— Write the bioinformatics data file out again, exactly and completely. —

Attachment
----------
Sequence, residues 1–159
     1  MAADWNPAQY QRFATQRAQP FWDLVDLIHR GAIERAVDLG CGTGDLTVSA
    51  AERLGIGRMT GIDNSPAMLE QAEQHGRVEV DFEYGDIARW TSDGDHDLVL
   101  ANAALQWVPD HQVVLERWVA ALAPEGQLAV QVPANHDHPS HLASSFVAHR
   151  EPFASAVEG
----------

Sequence, residues 1–159
     1  MAADWNPAQY QRFATQRAQP FWDLVDLIHR GAIERAVDLG CGTGDLTVSA
    51  AERLGIGRMT GIDNSPAMLE QAEQHGRVEV DFEYGDIARW TSDGDHDLVL
   101  ANAALQWVPD HQVVLERWVA ALAPEGQLAV QVPANHDHPS HLASSFVAHR
   151  EPFASAVEG